Home  18.013A  Chapter 26 


You can do even better by providing a rule for estimating the change in $y$ over an interval with the accuracy of Simpson's rule.
To do so we estimate $f$ at the beginning, middle and end of the interval, and give relative weights to these of 1 4 1 as in Simpson's rule. It is only necessary to apply estimates of $f$ at the middle and right endpoints that are accurate "to second order", so that their error is cubic or smaller.
There are many ways to do this. The left hand value for $f$ presents no problems at all and is $f(x,y(x))$ . The RungeKutta second order rule involves using
to approximate the integrand in the middle of the interval, and
to approximate it at the right end, with
Thus, with the notations given this method provides the following rule
Again, this rule can be implemented without much difficulty on a spreadsheet. You now need a column for each of $x,y$ and the four $f$ terms that occur in this rule, which requires one or two entries and copying for each column. It can be extrapolated as well.
Exercise 26.3 Compute solution to the same equation, $y\text{'}=y+x$ using this method with the old initial conditions, $y(0)=1$ at $x=1$ . How much better is it than the previous one for $N=32$ ?
The remarkable thing about this rule is that the error is of fourth order, as it is for Simpson's rule. Thus, if we double the number of intervals the error falls by 16 for large $N$ values. Simpson's rule has the symmetry that makes this so. It is a bit surprising that the estimates here do not have a cubic error term, but they do not have one.
With $x$ in B11 and $y$ in C11 here are the relevant entries for the $y$ 's in D, E, F and G for this equation, to be copied down for the equation $y\text{'}=y+x$
$f=x+y(x)$ 
${f}_{1}=f+(1+f)\frac{d}{2}$ 
$f+\left(1+{f}_{1}\right)\frac{d}{2}$ 
$f+\left(1+{f}_{2}\right)d$ 
=B11+C11 
=D11+(1+D11)*(B12B11)/2 
=D11+(1+E11)*(B12B11)/2 
=D11+(1+F11)*(B12B11) 
Here are results for this method at $x=2$ . The extrapolations start with the assumption that the leading term in the error decreases by a factor of 16 on halving the intervals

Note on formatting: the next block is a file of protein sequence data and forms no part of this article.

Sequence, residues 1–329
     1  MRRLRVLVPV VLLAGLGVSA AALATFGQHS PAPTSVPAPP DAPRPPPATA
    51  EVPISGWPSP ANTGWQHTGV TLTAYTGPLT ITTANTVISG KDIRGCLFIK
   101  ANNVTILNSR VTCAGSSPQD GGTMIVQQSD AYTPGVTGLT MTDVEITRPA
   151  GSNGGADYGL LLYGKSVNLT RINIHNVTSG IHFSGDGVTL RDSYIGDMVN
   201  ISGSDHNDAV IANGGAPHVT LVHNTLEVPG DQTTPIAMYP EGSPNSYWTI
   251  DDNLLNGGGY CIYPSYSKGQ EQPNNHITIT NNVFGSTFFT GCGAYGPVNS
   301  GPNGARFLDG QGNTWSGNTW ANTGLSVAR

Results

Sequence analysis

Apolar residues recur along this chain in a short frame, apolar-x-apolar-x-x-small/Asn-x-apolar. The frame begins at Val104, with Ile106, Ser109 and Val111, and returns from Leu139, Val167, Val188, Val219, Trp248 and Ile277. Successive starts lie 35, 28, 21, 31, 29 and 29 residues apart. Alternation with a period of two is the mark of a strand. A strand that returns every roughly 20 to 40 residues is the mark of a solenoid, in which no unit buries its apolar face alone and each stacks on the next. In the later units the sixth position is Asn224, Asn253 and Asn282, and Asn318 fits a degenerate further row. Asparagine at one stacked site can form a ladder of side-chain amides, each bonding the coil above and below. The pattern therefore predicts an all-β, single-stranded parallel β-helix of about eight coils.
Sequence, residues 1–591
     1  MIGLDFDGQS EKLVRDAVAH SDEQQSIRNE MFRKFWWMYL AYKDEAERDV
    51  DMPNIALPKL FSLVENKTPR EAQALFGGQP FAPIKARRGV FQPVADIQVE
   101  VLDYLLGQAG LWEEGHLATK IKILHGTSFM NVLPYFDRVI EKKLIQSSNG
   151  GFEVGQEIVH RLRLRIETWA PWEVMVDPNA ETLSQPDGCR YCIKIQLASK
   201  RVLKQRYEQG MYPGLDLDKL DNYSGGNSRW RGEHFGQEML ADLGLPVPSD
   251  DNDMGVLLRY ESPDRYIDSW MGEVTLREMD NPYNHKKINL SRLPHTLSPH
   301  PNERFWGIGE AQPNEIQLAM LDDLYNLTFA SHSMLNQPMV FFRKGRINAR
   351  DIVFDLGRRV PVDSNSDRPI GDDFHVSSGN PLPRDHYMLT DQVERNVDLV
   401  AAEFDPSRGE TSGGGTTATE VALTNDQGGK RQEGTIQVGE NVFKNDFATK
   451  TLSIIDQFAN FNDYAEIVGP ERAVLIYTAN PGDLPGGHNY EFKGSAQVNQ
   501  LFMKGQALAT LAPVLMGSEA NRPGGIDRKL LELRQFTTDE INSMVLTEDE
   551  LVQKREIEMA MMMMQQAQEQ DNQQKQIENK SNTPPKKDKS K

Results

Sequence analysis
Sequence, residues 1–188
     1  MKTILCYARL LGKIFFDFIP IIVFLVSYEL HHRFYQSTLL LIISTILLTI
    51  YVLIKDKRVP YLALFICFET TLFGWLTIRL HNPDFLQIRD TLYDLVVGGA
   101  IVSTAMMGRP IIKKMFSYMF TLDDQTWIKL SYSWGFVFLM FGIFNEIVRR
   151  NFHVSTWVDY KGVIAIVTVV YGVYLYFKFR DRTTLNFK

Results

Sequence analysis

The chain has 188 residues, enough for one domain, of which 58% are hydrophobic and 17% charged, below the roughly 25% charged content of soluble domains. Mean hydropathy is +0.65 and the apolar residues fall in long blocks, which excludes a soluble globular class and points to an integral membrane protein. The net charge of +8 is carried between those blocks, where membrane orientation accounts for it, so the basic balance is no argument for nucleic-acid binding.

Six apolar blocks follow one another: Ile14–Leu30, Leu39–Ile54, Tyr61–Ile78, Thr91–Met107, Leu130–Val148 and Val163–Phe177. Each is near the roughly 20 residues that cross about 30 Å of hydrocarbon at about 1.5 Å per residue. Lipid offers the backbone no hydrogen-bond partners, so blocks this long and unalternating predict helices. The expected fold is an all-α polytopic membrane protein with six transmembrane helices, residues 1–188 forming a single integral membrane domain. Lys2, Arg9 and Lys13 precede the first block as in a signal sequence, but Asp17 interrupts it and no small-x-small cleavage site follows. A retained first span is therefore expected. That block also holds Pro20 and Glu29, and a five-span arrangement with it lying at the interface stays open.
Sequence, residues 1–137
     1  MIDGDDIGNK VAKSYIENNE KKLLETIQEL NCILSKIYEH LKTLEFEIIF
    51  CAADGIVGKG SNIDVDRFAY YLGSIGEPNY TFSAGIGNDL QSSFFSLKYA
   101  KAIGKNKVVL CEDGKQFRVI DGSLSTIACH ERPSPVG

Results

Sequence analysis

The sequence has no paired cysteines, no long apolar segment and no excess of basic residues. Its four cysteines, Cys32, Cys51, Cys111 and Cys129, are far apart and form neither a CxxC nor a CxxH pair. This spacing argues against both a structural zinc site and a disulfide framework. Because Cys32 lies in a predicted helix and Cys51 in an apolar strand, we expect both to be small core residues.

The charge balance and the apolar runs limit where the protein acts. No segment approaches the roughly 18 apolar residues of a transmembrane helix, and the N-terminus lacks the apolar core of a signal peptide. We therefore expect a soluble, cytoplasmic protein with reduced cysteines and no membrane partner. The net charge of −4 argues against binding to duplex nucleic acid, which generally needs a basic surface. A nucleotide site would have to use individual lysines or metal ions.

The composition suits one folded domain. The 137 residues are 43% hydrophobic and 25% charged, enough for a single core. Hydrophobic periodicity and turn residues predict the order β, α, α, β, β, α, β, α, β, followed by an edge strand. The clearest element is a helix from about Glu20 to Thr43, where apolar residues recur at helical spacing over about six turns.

N\L# 
1 
2 
3 
4 
5 
6 
7 
1 
11 

exact answer 
= 
11.7781122 

2 
11.670139 
11.71481481 


4 
11.767941 
11.77446077 
11.77638483 

8 
11.777331 
11.77795654 
11.77806931 
11.77809605 

16 
11.778058 
11.7781065 
11.77811134 
11.77811201 
11.77811213 

32 
11.778109 
11.77811201 
11.77811218 
11.7781122 
11.7781122 
11.7781122 

64 
11.778112 
11.77811219 
11.7781122 
11.7781122 
11.7781122 
11.7781122 
11.7781122 
RungeKutta rule $y\text{'}=y+x,y(0)=1$ , value for $y(2)$ with extrapolations 
The proportional errors are indicated here
N\L# 
1 
2 
3 
4 
5 
6 
7 
1 
0.06606425 

2 
0.00916728 
0.00537 

4 
0.0008636 
0.00031 
0.00015 

8 
6.6365E05 
1.3E05 
3.6E06 
1.4E06 

16 
4.6011E06 
4.8E07 
7.3E08 
1.6E08 
5.5E09 

32 
3.0291E07 
1.6E08 
1.3E09 
1.6E10 
3.2E11 
1.1E11 

64 
1.9431E08 
5.3E10 
2.2E11 
1.4E12 
1.4E13 
1.3E14 
8.3E15 
RungeKutta rule $y\text{'}=y+x,y(0)=1$ , proportional error for $y(2)$ with extrapolations 
It can be seen that the same number of evaluation points ( $N$ for Runge Kutta is comparable to $2N$ for the trapezoid like rule) yields perhaps a thousand times the accuracy for this evaluation rule in this example, though the best extrapolation for the trapezoid is better than the best unextrapolated RungeKutta formula here by a factor of a thousand. See First Order ODE Applet